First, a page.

Joel B. Greenhouse
Carnegie Mellon University

JOEL B. GREENHOUSE is professor in the Department of Statistics at Carnegie Mellon University. He is also an adjunct professor of psychiatry, and adjunct professor of epidemiology at the University of Pittsburgh. Prior to being professor, he was associate and assistant professor in the Department of Statistics at Carnegie Mellon University. He has served as associate dean for academic affairs. His areas of research include meta analysis, and biostatistical applications. He has been awarded Statistician of the Year by the Pittsburgh Chapter of the American Statistical Association, fellow of the American Statistical Association, fellow of the American Association for the Advancement of Science, and elected member of the International Statistical Institute. He has served as editor-in –chief for Statistics in Medicine, Associate Editor for Statistics, Politics, and Policy, Associate Editor for the Journal of the American Statistical Association, and editor of IMS Lecture Notes – Monograph Series. He has served as a member of the NRC Committee on National Statistics, the NRC Committee on the Assessment of Family Violence Interventions, and the NRC Panel on the Combination of Information. Prof. Greenhouse received his B.S. in mathematics from the University of Maryland at College Park, and his M.P.H. in biostatistics, his A.M. in statistics, and his Ph.D. in biostatistics all from the University of Michigan.
Feng Guo
Virginia Polytechnic Institute and State University

FENG GUO is associate professor in the Department of Statistics at Virginia Tech, where he is affiliated with the Virginia Tech Transportation Institute. He was previously assistant professor at Virginia Tech. His primary areas of research are transportation statistics, Bayesian hierarchical models, traffic safety models, spatial statistics, and statistical epidemiology. A particular area of interest is analysis of data from naturalistic driving studies. Prof. Guo has served as member of: (1) the TRB Committee on Statistical Methods, (2) the TRB Committee on Safety Data, and (3) the TRB Subcommittee on Traffic Surrogate Measures. Prof. Guo received his B.S. in highway and traffic engineering and his M.S. in transportation economics and management both from Tongju University, Shanghai, China. He then received his Ph.D. in transportation engineering and his Ph.D. in statistics from the University of Connecticut in Storrs, Connecticut.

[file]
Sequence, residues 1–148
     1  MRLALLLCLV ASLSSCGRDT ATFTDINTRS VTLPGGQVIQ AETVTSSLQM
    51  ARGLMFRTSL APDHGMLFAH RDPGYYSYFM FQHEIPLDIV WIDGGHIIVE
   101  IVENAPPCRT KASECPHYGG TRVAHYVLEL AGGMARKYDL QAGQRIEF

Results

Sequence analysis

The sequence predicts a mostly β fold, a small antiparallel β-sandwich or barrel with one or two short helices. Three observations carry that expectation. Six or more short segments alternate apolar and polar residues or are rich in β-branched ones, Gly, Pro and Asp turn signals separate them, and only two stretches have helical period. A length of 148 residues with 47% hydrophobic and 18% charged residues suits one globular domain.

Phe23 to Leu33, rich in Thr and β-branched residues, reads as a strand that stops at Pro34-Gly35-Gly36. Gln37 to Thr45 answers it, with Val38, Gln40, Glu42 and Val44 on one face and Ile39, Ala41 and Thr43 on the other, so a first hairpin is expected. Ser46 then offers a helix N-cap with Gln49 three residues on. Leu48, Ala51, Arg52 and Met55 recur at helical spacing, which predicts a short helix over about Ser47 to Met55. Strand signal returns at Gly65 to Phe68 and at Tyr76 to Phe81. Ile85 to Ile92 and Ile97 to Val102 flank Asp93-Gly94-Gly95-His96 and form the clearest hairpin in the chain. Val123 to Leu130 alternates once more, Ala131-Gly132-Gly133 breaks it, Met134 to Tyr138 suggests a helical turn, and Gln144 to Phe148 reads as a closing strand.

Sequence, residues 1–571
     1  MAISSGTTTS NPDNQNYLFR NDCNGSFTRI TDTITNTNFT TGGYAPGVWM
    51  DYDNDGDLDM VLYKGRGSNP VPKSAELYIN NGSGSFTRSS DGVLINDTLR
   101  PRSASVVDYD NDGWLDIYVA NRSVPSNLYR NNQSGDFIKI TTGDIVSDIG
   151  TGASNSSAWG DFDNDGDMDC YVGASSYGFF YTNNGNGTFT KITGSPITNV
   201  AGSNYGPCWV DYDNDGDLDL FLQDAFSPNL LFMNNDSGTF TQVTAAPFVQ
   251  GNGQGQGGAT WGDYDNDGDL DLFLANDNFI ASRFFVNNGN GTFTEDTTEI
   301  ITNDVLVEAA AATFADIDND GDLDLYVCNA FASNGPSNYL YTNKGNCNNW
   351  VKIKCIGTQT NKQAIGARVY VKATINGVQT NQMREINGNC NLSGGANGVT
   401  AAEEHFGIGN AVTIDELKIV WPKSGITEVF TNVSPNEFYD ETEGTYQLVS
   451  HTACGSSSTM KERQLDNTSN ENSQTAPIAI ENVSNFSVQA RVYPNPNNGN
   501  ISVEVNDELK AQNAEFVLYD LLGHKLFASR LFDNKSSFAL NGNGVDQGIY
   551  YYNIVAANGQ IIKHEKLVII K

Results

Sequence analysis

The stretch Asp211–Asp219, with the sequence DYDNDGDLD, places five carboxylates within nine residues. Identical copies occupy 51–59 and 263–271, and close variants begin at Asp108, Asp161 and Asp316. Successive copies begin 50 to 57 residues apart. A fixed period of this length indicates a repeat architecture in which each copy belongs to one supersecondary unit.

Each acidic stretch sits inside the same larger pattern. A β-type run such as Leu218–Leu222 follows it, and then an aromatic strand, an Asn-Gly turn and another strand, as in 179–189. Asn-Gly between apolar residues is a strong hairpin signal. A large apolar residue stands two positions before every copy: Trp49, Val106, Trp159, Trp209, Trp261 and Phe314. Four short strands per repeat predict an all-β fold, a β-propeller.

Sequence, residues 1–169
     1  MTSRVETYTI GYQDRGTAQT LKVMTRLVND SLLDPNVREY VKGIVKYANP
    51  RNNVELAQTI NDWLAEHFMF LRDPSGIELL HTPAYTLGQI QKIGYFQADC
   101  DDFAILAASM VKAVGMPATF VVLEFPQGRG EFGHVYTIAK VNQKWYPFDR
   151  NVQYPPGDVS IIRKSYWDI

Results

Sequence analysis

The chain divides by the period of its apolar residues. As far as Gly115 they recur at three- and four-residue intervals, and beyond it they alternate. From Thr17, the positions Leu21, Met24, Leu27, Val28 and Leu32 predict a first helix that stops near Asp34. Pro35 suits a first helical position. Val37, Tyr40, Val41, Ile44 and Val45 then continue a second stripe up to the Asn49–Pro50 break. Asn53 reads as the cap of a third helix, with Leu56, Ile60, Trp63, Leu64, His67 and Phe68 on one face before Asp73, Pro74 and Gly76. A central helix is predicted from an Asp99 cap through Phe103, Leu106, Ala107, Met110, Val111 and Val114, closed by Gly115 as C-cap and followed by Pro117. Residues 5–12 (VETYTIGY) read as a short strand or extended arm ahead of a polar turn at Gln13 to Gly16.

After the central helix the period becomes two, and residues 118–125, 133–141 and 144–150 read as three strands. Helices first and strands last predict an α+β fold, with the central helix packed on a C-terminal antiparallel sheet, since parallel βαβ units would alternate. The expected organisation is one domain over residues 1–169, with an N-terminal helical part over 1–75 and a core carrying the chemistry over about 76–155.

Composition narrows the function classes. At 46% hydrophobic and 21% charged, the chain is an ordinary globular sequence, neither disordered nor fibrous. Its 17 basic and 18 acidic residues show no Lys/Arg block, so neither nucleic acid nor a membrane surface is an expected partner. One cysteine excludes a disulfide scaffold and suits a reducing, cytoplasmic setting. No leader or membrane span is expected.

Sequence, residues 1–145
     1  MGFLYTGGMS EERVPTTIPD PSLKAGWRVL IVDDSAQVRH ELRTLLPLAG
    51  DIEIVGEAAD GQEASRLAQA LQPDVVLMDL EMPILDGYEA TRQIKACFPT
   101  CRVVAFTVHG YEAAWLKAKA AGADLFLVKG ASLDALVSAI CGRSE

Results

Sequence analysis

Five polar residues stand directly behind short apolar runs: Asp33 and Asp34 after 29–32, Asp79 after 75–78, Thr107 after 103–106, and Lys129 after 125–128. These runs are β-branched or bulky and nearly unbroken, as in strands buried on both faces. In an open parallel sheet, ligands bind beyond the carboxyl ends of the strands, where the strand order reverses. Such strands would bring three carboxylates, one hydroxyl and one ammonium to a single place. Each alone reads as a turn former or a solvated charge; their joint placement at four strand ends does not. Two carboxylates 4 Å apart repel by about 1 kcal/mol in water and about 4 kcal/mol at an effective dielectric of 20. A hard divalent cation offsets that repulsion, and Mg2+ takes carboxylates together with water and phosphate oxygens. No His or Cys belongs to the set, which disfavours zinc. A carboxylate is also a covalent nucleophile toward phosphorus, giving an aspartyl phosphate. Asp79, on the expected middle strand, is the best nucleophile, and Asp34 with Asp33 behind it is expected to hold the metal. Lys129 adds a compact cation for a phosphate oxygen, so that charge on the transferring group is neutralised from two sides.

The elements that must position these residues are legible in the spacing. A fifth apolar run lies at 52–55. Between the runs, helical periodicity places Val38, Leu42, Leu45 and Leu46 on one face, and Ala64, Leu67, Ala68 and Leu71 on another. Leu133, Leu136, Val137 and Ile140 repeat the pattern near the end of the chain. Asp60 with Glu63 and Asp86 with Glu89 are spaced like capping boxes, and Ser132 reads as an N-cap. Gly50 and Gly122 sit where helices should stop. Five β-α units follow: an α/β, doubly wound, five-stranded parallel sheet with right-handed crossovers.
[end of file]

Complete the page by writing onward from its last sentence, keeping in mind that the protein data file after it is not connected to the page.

Richard J. Hanowski
Virginia Tech Transportation Institute

RICHARD J. HANOWSKI is director, Center for Truck and Bus Safety, and senior research scientist for the Virginia Tech Transportation Institute. Prior to his current position, Dr. Hanowski worked for VTTI as the leader of the truck and bus safety group, and as research scientist for the safety and human factors engineering group. His research has been concentrated on transportation human factors involving both heavy and light vehicles, laboratory and field testing, simulation, advanced system development and testing, naturalistic driving, and human performance evaluation. In particular, he is an expert on distracted driving, particularly pertaining to commercial vehicles. He is the 2012 recipient of the Paul S. Richards Endowed Distinguished Visiting Lecture in Occupational Health. Dr. Hanowski is a current member of the TRB Committee on Trucking Industry Research, and Friend of the TRB Truck and Bus Safety Committee. He served as a member on the NRC Committee for Research on the Health and Wellness of Commercial Truck and Bus Drivers: A Conference. Dr. Hanowski received his B.A. in psychology from the University of Saskatchewan, Saskatoon, Canada, his M.S. in psychology from the University of Idaho, and his Ph.D. in industrial and systems engineering (human factors engineering) from Virginia Polytechnic Institute and State University.


Natalie P. Hartenbaum
OccuMedix, Inc.